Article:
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Sent: Monday, June 27, 2005 9:03 PM
Subject: Re: Mbare Report 12

Mbare Report, No 12, 27 June 2005,




“Patsika” seems a rubbish dump. Piles of rubbish are burning, and a thick cloud of acrid smoke hangs over the area. But this is where people from “Joburg lines” in Mbare live, camping out during these cold nights. Among them is a terminally ill woman. She put up a few bits of plastic and cardboard to protect herself from the cold wind. She used to live with her two small children at her sister’s place until the little cottage she was allowed to use was demolished. Her sister’s husband, unlike many other homeowners who have received displaced relatives in their houses, refuses to let her or her children stay in his house so his wife could look after them.


Three little children, a boy of eight and his two younger sisters of five and three, were brought by concerned members of our parish to the church. They had been staying in the open at a very dirty place in the middle of puddles of sewage. Their mother abandoned them for reasons we don’t quite know, the father, a Mozambiquan, was picked up by police and taken to the holding camp at Caledonia Farm. He escaped and came back, only to be taken forcibly to that place a second time.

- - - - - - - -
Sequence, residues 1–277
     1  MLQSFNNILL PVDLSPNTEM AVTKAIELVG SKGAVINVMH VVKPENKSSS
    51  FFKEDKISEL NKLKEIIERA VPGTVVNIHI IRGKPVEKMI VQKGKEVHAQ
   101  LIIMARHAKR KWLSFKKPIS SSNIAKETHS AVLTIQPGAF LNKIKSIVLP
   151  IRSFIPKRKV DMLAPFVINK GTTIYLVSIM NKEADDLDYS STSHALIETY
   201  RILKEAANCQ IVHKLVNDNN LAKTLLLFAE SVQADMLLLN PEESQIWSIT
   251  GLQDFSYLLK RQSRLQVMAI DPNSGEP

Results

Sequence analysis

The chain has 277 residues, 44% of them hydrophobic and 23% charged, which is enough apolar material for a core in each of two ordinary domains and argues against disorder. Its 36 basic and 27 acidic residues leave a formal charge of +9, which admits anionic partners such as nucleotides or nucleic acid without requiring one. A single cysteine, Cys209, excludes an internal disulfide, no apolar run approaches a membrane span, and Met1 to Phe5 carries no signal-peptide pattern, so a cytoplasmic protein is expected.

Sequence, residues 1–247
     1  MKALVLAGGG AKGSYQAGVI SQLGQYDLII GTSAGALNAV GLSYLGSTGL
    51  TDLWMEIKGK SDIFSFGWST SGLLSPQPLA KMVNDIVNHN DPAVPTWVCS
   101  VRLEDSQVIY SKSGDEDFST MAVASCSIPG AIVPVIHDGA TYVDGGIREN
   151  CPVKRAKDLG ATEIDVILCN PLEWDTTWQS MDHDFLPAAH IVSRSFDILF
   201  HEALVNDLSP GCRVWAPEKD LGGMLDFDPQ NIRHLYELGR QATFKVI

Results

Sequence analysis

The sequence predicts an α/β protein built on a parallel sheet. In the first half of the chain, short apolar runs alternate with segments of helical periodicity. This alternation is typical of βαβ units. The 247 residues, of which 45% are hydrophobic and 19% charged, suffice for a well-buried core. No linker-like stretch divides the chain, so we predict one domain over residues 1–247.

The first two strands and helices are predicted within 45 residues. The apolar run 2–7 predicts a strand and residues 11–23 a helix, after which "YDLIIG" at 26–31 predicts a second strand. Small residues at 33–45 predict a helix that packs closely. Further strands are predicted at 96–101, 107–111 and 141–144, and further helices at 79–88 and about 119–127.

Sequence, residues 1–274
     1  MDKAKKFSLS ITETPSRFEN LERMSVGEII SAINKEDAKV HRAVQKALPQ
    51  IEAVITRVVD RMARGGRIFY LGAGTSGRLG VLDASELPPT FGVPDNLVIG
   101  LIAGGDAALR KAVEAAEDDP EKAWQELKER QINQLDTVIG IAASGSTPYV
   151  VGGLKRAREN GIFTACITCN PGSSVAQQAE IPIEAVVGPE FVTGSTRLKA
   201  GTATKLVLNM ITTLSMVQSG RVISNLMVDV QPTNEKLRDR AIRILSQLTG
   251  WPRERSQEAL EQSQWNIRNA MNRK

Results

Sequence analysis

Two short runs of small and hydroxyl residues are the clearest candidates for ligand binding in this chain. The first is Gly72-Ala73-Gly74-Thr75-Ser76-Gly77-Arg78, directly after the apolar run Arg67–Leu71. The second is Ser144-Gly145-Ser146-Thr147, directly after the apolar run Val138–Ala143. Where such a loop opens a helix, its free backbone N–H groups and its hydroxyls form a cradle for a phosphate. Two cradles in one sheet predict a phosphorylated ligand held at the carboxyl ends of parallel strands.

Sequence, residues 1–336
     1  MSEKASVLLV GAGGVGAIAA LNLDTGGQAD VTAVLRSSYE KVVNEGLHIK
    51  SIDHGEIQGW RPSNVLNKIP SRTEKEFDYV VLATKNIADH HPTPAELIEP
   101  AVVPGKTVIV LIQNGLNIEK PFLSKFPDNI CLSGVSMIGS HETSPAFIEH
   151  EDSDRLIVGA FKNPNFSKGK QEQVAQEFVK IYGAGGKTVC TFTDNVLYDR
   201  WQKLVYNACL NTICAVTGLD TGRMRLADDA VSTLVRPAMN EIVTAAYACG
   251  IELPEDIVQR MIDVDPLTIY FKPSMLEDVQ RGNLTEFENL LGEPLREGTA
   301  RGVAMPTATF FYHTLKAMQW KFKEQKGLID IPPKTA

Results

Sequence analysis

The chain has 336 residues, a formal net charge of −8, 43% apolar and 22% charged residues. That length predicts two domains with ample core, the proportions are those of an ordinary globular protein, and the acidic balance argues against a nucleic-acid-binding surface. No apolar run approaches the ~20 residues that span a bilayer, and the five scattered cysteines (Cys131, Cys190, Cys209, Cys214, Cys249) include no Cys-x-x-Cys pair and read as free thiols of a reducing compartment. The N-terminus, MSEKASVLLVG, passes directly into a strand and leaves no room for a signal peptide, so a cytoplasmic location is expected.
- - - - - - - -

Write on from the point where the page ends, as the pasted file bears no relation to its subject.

Mr and Mrs Chibango are both unemployed, but they managed to earn a living by being self-employed traders and caterers. All this has been destroyed. They ask for food relief  to feed their family of three.

We are trying to feed the displaced people staying in the open and give them blankets and plastic sheeting. Are we to feed all the others rendered destitute as well? How long can we do this? What is going to be the outcome?

What has to happen for the African Union and the rest of the world to sit up and take notice of how a government is torturing the common people?


This week we start to transport people to their rural homes. Only those who really want to go. Some people say we should not do this, we were doing the dirty work for government. I think we have to do what the people ask us to do. Those who have no longer strong roots at home should not attempt to go. They might be turned back, different arms of government playing football with them. Many others, aliens and children of aliens, have no rural home anyway. They have been written off as no longer deserving a place in this country. They are told to go away, vanish into nothingness. Discarded people, no longer wanted. Do they now need government permission to exist, to breathe the air God gives for free to all humans, to move and go about their business? Is this government almighty and its people powerless?